Reuven Rivlin of the Likud party was elected president of Israel in a campaign that was fraught with scandal.
Rivlin was elected in the second round of Knesset balloting on Tuesday, defeating Meir Sheetrit of the Hatnua party in a 63-53 runoff vote. The former Knesset speaker becomes Israel’s 10th president and succeeds Shimon Peres.
Considered a Likud elder statesman, Rivlin was one of five candidates running for the largely ceremonial post chosen by the parliament every seven years. He will be sworn in on July 24.
Eliminated in the first round of voting were former Supreme Court judge Dalia Dorner, Nobel Prize-winning chemist Dan Shechtman and ex-Knesset speaker Dalia Itzik.
Labor Party lawmaker Binyamin Ben-Eliezer pulled out of the race over the weekend following accusations that he illegally received millions of shekels from private sources and used the money to buy a luxury apartment in Jaffa.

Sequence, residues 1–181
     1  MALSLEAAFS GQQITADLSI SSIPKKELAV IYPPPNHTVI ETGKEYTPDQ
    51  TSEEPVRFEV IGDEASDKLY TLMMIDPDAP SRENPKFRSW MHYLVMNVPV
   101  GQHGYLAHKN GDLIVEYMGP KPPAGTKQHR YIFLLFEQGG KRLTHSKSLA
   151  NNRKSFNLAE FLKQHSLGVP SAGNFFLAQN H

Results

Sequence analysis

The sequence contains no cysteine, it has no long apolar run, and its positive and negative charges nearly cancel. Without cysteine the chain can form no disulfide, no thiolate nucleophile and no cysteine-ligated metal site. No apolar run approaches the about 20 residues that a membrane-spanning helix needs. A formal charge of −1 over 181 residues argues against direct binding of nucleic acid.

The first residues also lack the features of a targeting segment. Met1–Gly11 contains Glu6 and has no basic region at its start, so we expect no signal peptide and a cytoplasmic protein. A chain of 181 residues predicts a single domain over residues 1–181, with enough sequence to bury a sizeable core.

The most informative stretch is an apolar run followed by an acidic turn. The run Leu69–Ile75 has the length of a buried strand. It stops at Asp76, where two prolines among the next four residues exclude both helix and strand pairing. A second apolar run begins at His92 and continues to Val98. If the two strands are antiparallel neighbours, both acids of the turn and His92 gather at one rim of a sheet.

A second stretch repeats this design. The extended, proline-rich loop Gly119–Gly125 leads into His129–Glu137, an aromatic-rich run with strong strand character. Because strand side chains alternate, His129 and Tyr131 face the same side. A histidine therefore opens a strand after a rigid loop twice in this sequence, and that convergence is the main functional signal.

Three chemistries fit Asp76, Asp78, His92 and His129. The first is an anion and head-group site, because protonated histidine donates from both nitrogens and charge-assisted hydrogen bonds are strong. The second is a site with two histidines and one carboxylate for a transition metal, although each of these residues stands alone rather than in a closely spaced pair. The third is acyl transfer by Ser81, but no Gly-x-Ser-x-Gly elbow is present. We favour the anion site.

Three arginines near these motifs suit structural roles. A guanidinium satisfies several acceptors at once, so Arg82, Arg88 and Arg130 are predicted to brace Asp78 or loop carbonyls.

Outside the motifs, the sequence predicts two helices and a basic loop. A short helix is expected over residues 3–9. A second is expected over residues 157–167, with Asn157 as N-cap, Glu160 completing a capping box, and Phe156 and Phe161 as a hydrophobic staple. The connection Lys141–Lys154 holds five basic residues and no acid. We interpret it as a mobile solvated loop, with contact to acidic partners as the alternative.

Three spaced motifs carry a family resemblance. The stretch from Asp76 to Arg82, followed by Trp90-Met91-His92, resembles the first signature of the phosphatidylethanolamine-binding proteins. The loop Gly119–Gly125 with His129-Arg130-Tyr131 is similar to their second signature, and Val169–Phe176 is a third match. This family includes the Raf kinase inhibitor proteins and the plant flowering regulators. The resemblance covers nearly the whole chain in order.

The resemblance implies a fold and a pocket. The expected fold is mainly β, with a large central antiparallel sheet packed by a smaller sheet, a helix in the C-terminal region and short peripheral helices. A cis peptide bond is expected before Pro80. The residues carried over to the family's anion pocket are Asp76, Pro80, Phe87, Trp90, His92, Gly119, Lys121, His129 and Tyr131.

Last month, Energy Minister Silvan Shalom decided to end his bid for the presidency after allegations of sexual impropriety surfaced; the allegations were never substantiated.
Rivlin was first elected to the Knesset in 1988 and twice served as its speaker. A self-identified disciple of Revisionist Zionism founder Zeev Jabotinsky, Rivlin opposes territorial concessions to the Palestinians and wants Israel to retain the West Bank. He has said that he supports giving Israeli citizenship to West Bank Palestinians.
Rivlin drew criticism from Reform and Conservative rabbis for past negative statements about Reform Judaism. He called Reform Judaism “idol worship” in 1989 and in 2007, in a run for president, would not say whether he would refer to Reform rabbis by their title if he were elected.
“I respect any person chosen to lead his or her community, and God forbid I invalidate him because he is from one stream or another,” Rivlin told The Jerusalem Post in an interview published June 6. “The President’s Office represents all streams and denominations in society. The job of the president is to bridge conflicts, not create conflicts.”
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